Father Kevin put it nicely when he said in our of our interviews: “There is more joy in this chapel than I’ve experienced in the church in America. I’m convinced it’s because these people know their hunger, they know that they have little other than one another
and God in their lives. And both come through, and both will satisfy, and both will
provide, and it’s that paradox that St. Paul talks about; when I’m weak, I’m strong. If
we know our insufficiencies, if we know how much we need to depend on each
other. Those needs are often met and that is a cause for joy.”

Blueprint to Reality

Again, we all know this. Personally though, I often trick myself into believing I need more things, better grades, or more experiences to reach that elusive happiness. At least now I have tenable experience which can fly in the face of that logic. The memory of the experience is strong enough (and fortunately will be preserved in the form of film) to provide a conviction in my heart capable of steering the direction of my future life – a constant reminder that deep joy requires little less than to link hands with God, and one another. While this might seem obvious / inconsequential, I hold this in extremely high value.

To end, here is a short video I took of my friends while at Murchison Falls in the game park. It is one of my favorites, as it exemplifies the joy and radiance found within the character of these wonderful people. May this serve as an extremely brief teaser as to what our documentary might look like; for some reason it’s really blurry. Our documentary won’t look like that :)p.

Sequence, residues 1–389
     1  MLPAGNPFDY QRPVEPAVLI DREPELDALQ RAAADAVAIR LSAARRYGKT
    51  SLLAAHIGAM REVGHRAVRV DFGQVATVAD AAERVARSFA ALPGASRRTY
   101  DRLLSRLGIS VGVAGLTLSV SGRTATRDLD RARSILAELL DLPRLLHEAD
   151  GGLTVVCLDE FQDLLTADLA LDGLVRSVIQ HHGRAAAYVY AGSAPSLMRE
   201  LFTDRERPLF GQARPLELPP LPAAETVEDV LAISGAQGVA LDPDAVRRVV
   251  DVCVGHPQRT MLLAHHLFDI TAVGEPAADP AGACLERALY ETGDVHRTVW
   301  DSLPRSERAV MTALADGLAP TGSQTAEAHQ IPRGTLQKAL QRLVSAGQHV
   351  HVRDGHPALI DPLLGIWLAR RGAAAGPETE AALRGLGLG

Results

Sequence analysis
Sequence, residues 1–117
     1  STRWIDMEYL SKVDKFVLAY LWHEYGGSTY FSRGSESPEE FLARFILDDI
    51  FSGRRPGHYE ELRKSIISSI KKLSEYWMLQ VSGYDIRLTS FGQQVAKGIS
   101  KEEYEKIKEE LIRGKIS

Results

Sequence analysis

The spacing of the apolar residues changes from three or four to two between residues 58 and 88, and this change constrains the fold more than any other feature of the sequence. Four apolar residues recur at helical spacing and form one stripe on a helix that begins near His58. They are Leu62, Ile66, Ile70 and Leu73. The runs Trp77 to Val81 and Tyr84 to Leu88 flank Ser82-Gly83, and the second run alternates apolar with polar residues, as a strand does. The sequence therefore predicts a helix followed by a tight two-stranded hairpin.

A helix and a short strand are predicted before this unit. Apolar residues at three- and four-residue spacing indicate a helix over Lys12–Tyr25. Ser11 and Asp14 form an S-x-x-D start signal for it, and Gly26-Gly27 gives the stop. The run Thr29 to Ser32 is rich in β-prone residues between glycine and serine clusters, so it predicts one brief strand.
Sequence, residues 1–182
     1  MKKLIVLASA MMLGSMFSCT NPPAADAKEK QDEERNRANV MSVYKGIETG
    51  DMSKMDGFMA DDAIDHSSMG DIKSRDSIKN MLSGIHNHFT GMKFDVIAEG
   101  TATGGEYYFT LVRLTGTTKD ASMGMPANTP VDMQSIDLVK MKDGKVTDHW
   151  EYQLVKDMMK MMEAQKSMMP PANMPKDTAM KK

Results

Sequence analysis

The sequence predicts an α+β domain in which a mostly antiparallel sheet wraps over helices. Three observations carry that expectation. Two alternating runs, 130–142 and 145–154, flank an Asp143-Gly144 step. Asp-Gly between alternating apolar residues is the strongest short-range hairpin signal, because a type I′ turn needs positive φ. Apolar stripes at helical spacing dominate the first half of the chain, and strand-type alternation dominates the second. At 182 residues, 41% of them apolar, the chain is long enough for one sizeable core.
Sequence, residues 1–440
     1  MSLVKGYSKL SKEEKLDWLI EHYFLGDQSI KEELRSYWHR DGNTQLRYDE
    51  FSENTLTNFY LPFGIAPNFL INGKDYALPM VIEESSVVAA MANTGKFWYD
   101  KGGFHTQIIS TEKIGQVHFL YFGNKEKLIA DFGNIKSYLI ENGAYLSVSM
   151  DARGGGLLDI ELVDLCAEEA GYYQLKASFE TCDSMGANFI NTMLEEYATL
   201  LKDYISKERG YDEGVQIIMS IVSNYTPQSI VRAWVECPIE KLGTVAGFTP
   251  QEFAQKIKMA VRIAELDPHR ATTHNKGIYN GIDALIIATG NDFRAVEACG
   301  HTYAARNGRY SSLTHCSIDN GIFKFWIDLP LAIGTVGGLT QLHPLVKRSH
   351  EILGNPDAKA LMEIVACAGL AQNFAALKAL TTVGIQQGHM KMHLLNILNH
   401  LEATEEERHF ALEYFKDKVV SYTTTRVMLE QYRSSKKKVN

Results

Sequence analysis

Tourist, chef, professional lip singer

For the first time I felt like a tourist today. We did one interview with the director of the Kino Border Initiative and then we were on the road again. We had to drop Nico off at an airport back to Omaha for a wedding and then we went to Saint Xavier missionary.

Saint Xavier Mission Tucson, Arizona
Saint Xavier Mission Tucson, Arizona

It was absolutely beautiful both inside and out. The church was so busy yet so beautiful. The detail and purpose of the art work was unreal. Matthew and I climbed up this really rockey hill to the top where there was this white cross that you could see from miles away.

Cross over the land Tucson, Arizona
Cross over the land Tucson, Arizona

After that we went out to eat and then to another missionary that the Jesuit Kino started. It was really cool being there and seeing how they collaborated, not dominated, the indigenous culture.